Dead Meadow has never really been into radically changing their sound -- they've lost some of their rough edges, and some of their thick fuzz, but nothing too drastic.
And in "Old Growth," they keep doing what they do best -- vintage hard rock, tinged with some bluesy psychedelica, metal and stoner riffs, with the occasional ballad, and striking lyrics with a sense of fantasy. The newly relocated band lays out a powerful, dark musical experience that sticks to their signature sound, but is able to twist in a few new sounds.
It opens with some odd echoing sounds... and blossoms into a powerful, muscular riff that languidly twines itself through the whole song. Over the ringing bassline, Jason Simon drawls out a string of languidly dissatisfied lyrics: "Their silence is golden/they watch their man... the sun shines away/there's nothing to say/people will talk anyway...."
They try out a tighter sound in the follow-up, the stripped-down Southern-rocker "Between Me and the Ground," before winding into the fuzzy, darkly angular "What Needs Must Be." Those two sets a certain sound that they continue throughout the album -- ominous dark hard-rock, languid bass-twisters, eerie fantastical folk-rock, some low-burning rockers.
They even mix in a couple of uneasy, relatively gentle little ballads, tinged with some electric guitar but mostly acoustic. And one of their most striking songs is "Seven Seers," a sinuous little folk melody played with some flickers of grimy keyboard. Think medieval hard rock with a bit of metal here and there. Sure, it resembles nothing else in the album, but it's pretty good.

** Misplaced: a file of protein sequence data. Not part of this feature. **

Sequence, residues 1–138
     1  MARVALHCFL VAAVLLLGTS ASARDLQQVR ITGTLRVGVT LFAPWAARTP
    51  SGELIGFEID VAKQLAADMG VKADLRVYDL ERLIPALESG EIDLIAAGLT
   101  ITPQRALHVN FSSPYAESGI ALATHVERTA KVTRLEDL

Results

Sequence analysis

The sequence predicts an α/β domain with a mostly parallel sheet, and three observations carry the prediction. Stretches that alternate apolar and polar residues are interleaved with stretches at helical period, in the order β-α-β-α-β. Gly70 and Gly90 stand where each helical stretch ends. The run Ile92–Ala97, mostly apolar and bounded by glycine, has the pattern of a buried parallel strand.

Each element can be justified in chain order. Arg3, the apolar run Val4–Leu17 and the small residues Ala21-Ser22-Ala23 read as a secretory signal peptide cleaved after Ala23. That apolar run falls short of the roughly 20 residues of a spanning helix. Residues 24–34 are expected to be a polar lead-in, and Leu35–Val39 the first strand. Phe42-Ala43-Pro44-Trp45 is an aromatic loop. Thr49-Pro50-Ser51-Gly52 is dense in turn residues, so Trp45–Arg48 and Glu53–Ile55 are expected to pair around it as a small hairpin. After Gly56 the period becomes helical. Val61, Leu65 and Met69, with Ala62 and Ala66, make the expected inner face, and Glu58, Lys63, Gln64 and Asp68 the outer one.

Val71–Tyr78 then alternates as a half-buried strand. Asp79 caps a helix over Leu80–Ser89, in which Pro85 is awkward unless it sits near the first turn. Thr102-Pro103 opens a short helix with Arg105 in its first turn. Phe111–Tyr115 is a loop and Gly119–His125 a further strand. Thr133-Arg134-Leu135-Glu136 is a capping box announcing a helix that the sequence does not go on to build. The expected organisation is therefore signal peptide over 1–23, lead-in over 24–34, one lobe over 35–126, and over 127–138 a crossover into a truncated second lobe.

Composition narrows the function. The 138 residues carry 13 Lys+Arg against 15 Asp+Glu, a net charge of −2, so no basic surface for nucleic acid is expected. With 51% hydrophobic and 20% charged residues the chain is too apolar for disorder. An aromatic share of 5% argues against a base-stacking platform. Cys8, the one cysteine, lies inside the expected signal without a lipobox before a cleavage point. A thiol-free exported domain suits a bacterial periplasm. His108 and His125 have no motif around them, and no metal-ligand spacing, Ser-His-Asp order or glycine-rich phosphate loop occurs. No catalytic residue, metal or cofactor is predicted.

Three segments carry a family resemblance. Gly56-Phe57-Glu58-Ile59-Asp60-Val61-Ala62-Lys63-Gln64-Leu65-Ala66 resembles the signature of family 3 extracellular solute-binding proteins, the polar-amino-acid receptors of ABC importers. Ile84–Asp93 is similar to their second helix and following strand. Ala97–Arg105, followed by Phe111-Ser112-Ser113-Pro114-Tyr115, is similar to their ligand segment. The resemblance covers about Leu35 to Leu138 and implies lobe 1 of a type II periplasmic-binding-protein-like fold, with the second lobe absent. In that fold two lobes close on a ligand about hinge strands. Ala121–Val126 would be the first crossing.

It must be admitted that "Old Growth" doesn't really grow in any particular direction -- like Dead Meadows' last album "Feathers," they grind through dark, earthy stoner-rock, without the need to throw in catchiness or artificial highs. But they do it so well, so powerfully, that lack of change really doesn't affect them. It's just such good music, with very powerful musical skills and solidly written lyrics.
And that comes from the instrumentation -- a dark, simmering, sometimes blazing sea of guitars and bass. These guys don't try to show off, but they fill their music with powerful ringing riffs that twist into blazing melodies, paired with fuzzy muscular bass that runs just underneath it. It's a little like being swept off by a very small tidal wave.
And of course it's riddled with solid drums, and a touch of Doors-esque keyboard to add an otherworldly flavour. But Dead Meadow injects a couple other sounds -- they dabble in a mellow acoustic guitar from time to time, and even add a bit of sitar to their harder melodies, giving it a retro flavour.
I have to confess, I often can't understand what Simon is singing. His rough, lazy-sounding voice drawls through the music as if he's just been woken up, but you can hear glimpses of dark, languid lyrics with a fantastical edge: "No longer knowing night from day/I woke with the stars/I think you know your radiant form/pierces the dark..."
Dead Meadow doesn't go anywhere new in "Old Growth," but they continue the weird, wild, exquisitely hard style that they've done so well in the past. Definitely grows on you.